Diamond-based electronics would be preferable to their silicon counterparts because diamond exhibits greater heat resistance and incredible hardness. But natural diamonds have too many faults and impurities to be used as semiconductors. And although scientists have been able to manufacture synthetic diamonds since 1955, current techniques create a diamond comprised of many small crystals. The borders between these crystals interfere with electron flow and have so far hampered development of electronic devices based on carbon. In the new work, Jan Isberg of the ABB Group Services Center in Sweden and his colleagues modified an existing diamond-manufacturing technique known as microwave plasma chemical vapor deposition. They grew their thin film on top of another diamond, which aided in the alignment of the film's carbon atoms. By adding diborane gas (a mixture of hydrogen and boron) the researchers introduced "holes" into the crystal structure that allowed electrons to flow uninhibited. Indeed, the team found that their films had mobility values (which measure current flow) that were the highest yet measured for diamond. The results, the authors write, "represent a major step toward the realization of viable diamond electronic devices."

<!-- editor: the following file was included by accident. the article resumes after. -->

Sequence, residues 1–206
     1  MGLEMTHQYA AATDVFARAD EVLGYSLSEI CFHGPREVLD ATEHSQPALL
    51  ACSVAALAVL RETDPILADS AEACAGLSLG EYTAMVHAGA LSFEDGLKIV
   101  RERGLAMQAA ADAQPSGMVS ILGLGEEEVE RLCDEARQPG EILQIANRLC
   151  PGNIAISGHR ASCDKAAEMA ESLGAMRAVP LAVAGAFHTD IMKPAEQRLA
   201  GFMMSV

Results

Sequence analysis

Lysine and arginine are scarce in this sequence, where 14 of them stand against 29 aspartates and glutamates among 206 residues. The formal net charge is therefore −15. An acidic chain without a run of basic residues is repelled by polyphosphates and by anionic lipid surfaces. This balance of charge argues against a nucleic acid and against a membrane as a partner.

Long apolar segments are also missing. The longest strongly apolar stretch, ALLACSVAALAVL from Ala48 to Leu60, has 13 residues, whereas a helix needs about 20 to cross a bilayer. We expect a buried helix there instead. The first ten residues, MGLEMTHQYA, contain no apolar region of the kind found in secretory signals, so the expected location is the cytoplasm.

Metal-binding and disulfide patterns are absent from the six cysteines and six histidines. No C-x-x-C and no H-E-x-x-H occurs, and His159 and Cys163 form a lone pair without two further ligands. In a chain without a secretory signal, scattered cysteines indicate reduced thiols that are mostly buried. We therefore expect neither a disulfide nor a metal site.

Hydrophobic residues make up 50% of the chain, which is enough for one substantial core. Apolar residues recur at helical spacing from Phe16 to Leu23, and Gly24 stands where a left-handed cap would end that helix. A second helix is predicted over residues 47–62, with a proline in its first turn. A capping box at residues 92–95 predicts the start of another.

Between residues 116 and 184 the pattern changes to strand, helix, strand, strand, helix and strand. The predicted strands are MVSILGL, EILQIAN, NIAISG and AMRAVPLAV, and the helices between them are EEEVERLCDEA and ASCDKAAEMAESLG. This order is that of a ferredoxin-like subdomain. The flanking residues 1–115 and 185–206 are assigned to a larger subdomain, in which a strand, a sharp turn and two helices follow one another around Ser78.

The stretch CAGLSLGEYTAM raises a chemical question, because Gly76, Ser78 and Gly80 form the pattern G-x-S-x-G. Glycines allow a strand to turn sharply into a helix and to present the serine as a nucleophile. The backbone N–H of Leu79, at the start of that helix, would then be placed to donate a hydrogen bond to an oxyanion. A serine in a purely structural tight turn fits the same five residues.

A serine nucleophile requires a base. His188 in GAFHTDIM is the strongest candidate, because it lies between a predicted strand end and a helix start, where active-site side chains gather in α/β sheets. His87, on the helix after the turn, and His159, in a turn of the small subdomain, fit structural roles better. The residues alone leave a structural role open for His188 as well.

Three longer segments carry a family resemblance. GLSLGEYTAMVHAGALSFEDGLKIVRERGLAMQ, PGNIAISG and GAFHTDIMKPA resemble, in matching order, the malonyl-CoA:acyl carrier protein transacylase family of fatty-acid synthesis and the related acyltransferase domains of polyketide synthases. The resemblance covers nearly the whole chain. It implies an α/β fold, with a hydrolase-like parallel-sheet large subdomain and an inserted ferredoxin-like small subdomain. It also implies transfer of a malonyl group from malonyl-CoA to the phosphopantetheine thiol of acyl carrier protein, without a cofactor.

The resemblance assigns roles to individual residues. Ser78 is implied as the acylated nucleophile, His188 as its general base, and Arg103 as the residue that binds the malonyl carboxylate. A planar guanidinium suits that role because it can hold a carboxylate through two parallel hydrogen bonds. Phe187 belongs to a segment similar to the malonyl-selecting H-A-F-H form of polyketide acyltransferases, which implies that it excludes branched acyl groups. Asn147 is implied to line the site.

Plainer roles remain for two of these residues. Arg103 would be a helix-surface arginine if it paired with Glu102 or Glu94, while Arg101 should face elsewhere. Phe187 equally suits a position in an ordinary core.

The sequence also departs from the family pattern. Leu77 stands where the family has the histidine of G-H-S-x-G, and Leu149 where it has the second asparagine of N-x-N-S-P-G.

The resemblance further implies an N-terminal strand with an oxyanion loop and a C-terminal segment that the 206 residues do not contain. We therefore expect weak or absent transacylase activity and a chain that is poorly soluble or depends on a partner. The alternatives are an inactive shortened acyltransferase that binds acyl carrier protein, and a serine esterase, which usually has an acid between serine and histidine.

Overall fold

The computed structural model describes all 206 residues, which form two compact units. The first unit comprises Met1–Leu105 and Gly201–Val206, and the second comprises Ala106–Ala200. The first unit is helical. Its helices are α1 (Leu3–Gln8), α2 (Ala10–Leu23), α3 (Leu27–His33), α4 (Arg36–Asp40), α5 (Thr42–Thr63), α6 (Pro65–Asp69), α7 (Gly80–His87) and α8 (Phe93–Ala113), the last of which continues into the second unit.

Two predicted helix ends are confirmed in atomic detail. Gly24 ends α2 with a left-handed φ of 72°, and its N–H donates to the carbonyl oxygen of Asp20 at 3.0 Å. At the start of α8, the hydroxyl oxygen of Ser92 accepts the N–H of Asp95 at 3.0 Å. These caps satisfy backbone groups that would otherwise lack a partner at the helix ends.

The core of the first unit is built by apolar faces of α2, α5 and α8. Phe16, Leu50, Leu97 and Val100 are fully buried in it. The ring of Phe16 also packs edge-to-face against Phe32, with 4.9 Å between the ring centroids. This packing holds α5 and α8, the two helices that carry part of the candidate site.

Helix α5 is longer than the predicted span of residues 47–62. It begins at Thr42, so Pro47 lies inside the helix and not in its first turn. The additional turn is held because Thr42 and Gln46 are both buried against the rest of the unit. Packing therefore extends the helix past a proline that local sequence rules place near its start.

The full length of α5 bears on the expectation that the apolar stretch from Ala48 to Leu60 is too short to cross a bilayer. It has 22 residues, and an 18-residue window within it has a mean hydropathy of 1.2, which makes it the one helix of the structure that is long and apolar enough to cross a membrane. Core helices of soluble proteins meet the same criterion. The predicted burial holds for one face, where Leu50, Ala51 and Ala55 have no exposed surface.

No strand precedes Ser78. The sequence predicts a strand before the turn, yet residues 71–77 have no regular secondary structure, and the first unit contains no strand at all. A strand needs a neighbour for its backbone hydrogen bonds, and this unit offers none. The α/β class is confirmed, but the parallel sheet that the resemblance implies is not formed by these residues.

Even if the process can be successfully scaled up for industrialization, it is unlikely diamond chips will replace today's silicon ones. Instead, they will most likely be developed for specialized applications such as radar or satellites, which require high-power performance at high temperatures.